I do complain, loudly! I actually have taken pictures in many fashions, and often without flash, but while my camera is decent for a point and click, I cannot seem to really get the kind of pictures I would like to have. I actually got the pictures that were halfway decent by turning off all the lights, while it was still dark out, and using flash! I would never normally even think of doing that, but in this case it worked. I really think that the black semi gloss is the reason for the poor pics.

      I used Semi Gloss because I wanted that sort of sheen on the "iron sink". And actually, in real life, I really do like the sink. It just doesn't translate very well into photographs with me at the helm! :0)

      I had fun learning with the sink, and I know I will use the polymer clay again. I did enough to see the "Power of Polymer", so I will do what it takes to learn!

      I wish you a nice week too! And as always, so very grateful for your taking the time to comment!


  3. Hi Doug! I have to commend you on your IRON SINK! You have not only made it 100% Unique but you have given it authentic visual weight! I love the black and gold combination as well, it has a Victorian feel to it and I am blown away that you made the whole thing they way you have outlined. I am really surprised that the plastic blister pack base form, didn't melt away in the oven, and disfigure the exterior. That is something new for me to have learned. WOW!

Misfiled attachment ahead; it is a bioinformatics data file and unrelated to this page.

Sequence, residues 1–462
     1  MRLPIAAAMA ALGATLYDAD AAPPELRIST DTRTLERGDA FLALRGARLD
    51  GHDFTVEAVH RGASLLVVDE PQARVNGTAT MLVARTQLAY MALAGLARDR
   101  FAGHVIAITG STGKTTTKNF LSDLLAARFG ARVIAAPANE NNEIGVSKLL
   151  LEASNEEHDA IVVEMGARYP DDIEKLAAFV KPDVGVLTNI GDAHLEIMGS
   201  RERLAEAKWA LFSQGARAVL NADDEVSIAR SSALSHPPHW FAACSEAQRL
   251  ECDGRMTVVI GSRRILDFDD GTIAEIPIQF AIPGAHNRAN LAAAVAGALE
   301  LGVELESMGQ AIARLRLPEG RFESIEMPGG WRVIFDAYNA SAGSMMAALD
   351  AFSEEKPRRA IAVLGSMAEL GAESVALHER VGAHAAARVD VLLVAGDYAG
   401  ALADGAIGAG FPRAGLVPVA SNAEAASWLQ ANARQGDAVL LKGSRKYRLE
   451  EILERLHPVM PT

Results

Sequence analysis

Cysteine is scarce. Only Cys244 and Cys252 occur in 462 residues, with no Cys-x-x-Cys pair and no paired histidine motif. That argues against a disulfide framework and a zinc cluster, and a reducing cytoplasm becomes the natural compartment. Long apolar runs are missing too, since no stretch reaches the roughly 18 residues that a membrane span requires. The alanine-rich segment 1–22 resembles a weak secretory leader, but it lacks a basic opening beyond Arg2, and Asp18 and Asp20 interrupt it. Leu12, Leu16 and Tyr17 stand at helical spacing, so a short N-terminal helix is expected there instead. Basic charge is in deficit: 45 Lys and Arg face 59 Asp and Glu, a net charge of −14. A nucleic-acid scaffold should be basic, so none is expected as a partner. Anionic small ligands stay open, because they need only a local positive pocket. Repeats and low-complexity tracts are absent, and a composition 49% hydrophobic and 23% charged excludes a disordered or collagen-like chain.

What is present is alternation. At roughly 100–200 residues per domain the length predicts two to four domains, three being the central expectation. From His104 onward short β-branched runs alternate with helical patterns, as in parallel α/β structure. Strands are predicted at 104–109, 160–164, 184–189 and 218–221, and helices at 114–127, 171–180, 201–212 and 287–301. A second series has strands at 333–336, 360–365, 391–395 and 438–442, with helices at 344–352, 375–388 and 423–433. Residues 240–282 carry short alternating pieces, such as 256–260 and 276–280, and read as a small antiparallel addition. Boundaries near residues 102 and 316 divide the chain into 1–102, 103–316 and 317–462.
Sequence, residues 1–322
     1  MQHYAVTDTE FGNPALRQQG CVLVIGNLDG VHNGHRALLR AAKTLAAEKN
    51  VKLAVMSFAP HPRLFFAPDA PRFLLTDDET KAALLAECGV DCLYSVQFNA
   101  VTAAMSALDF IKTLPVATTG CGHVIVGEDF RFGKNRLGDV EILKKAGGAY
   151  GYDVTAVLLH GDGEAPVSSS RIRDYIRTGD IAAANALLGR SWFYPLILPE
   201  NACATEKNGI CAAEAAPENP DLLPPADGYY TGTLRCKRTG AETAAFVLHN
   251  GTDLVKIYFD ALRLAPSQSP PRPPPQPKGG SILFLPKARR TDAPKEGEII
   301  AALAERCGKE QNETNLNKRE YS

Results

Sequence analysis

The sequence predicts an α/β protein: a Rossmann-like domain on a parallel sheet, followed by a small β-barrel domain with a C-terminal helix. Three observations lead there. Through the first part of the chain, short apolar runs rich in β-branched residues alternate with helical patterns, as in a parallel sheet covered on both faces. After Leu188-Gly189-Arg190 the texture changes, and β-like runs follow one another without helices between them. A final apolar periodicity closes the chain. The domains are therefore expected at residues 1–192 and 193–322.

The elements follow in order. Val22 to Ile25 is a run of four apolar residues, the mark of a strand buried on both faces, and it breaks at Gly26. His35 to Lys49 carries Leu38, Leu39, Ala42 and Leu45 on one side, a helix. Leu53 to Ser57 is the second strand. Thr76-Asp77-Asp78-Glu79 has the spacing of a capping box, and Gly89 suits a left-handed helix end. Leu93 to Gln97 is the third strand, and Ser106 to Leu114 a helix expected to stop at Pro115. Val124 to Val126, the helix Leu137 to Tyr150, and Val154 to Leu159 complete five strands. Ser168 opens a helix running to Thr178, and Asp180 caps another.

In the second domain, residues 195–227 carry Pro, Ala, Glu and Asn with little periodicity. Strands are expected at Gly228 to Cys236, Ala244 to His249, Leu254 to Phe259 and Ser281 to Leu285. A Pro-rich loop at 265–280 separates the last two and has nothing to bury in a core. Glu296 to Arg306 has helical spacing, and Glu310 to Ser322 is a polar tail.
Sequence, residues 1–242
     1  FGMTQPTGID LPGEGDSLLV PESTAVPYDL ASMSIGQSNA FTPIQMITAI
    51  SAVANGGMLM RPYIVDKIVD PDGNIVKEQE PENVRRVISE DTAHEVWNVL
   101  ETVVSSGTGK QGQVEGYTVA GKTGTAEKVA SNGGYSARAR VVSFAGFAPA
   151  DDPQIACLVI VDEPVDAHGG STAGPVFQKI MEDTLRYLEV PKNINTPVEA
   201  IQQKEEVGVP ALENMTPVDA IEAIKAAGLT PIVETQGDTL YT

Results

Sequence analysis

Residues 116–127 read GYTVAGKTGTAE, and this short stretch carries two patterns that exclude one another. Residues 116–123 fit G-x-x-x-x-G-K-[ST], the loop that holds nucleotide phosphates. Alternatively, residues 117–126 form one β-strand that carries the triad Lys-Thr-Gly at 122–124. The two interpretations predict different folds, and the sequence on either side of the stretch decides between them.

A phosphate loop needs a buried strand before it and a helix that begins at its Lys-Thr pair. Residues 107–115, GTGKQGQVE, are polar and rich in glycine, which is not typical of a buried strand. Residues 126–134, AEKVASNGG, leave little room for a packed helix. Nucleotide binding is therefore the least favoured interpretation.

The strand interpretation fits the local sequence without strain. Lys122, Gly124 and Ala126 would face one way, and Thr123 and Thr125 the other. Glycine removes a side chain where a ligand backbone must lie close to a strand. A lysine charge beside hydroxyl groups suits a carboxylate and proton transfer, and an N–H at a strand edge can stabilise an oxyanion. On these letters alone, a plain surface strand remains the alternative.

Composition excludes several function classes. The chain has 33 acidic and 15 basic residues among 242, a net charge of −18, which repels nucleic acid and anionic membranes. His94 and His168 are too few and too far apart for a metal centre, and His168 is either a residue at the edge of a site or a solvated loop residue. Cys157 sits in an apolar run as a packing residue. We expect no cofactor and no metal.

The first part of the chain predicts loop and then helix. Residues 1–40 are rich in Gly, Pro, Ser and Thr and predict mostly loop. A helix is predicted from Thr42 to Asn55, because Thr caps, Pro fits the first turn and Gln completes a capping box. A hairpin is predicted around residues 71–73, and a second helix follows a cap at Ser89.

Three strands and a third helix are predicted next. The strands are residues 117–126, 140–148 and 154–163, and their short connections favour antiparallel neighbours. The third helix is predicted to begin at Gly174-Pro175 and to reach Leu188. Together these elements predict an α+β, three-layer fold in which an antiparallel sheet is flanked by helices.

And as for your photos, I was in Exactly the same boat as you, 2 years ago. It really just takes practice because taking photos of minis is a whole different ball game, isn't it?

    Just don't stop! :D


    1. Morning Elizabeth! Commendation received, and I thank you for it! The "inspiration" for this sink was the Victorian "Eastlake" style, so I am glad I was able to capture the Victorian feel of that style. I'm glad you get the sense of visual weight as well, since the idea was for it to appear as if it were iron.